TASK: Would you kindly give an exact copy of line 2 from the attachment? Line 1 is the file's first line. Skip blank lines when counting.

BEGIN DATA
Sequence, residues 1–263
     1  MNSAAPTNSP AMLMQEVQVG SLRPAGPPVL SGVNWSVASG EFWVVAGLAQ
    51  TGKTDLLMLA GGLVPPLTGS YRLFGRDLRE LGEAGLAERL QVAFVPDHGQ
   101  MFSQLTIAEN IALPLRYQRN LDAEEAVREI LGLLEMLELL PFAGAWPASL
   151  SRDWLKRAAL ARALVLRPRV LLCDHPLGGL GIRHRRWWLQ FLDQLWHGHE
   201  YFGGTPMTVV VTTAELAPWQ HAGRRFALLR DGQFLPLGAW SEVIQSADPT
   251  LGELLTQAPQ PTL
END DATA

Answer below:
     1  MNSAAPTNSP AMLMQEVQVG SLRPAGPPVL SGVNWSVASG EFWVVAGLAQ